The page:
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How do I have conversations about social justice with my clients, vendors & peers?
I did have a thought and not sure if it’s something you’d write about. I’m wondering about how we can have difficult and uncomfortable conversations about anti-racism and social justice with our clients or other businesses we work with. For example, people I want to maintain relationships with because they’re peers in my field. I’ve brought it up with my friends because I’m unsure of how to approach it – on the one hand they could be doing their part behind the scenes (ie. signing petitions, donating, etc.), but publicly on social media I’ve barely seen or heard anything, which troubles me. It’s hard to know how to manage this as someone who’s in the early stages of their business.
Speaking Up For Social Justice
Be the change you want to see in your industry.
Desmond Tutu said, “If you are neutral in situations of injustice, you have chosen the side of the oppressor.” If you’re here, I’m guessing that you don’t want to choose the side of the oppressor. You want to stand up for what you believe in and work to make change for oppressed and marginalized people everywhere.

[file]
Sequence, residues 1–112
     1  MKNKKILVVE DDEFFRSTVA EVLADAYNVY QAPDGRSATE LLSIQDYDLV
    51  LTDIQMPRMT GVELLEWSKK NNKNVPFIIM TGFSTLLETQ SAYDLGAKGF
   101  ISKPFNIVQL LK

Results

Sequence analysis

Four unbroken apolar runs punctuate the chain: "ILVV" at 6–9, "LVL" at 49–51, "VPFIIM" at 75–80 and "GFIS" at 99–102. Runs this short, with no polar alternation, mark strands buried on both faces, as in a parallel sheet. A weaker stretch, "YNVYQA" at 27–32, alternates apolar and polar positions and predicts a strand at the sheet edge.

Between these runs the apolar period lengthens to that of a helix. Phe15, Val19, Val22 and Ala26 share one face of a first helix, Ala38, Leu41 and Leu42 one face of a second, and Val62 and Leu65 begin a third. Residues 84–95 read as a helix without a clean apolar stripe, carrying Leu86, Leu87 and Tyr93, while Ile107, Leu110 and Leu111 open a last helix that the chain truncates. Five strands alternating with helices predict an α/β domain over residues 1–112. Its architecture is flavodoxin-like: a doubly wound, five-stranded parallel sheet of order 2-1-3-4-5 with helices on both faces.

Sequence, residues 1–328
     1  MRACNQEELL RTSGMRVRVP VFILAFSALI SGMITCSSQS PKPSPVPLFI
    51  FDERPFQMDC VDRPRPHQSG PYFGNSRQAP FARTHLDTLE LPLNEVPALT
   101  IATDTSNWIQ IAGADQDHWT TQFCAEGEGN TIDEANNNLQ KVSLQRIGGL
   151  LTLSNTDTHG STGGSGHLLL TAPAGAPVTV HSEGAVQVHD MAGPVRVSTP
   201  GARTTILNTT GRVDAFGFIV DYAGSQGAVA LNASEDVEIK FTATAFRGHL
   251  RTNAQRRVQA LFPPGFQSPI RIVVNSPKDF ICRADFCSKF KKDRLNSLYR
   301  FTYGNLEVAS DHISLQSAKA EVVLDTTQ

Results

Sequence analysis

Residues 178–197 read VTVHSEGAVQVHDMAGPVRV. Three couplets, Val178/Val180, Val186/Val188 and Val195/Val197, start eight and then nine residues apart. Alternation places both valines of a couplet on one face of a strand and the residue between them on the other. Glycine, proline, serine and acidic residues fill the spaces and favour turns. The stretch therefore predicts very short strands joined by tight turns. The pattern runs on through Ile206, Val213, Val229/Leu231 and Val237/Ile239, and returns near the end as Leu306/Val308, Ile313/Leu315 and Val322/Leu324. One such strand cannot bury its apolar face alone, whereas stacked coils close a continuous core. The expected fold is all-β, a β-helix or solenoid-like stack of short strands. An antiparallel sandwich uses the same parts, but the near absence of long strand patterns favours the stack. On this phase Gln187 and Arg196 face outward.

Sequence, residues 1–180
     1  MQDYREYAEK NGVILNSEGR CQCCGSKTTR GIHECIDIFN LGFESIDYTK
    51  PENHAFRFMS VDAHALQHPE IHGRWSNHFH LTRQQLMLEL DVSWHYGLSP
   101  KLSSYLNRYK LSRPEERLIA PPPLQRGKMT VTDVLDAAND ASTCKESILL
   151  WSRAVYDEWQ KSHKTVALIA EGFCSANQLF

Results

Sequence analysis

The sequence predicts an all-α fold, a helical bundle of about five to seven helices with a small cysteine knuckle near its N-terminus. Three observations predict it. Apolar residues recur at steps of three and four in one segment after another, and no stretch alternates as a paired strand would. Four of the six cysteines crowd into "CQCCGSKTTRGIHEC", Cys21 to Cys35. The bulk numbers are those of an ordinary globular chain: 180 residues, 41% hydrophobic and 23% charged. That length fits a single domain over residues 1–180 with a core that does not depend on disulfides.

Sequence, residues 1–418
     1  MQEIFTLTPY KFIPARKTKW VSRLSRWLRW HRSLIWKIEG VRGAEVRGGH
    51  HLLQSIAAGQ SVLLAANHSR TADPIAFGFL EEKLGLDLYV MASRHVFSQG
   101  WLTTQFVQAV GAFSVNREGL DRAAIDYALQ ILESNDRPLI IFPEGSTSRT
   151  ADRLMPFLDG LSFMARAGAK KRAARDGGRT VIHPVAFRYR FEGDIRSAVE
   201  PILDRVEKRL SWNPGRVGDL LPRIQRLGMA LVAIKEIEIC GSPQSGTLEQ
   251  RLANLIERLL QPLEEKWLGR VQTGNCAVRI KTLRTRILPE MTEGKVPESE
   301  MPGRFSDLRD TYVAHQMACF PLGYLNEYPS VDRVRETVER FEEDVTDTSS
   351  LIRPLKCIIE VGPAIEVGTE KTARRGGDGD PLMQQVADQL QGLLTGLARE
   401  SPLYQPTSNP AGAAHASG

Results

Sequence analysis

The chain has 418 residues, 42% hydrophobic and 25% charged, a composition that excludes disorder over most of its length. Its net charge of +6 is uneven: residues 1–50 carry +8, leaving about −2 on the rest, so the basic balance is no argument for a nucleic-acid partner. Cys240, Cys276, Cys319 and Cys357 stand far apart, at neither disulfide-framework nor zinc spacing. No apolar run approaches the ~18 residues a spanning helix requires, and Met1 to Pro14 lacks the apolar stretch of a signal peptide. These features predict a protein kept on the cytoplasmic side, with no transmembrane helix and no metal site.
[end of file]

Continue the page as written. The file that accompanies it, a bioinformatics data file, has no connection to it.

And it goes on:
We all know that the real work doesn’t always happen publicly on Instagram. Often it happens through quiet self-study, conversations, and behind-the-scenes changes. That being said: things are different now. As consumers, we are much more aware of systemic racism and want to see decisive statements, policies and actions to fight oppression being taken by the companies we are purchasing from.
And even though our audiences are not as broad, small businesses still have a role to play in this fight. As values-based entrepreneurs, we get to lead by example. We’re used to infusing our businesses with intention, and social justice work is no different. It has a place here, too.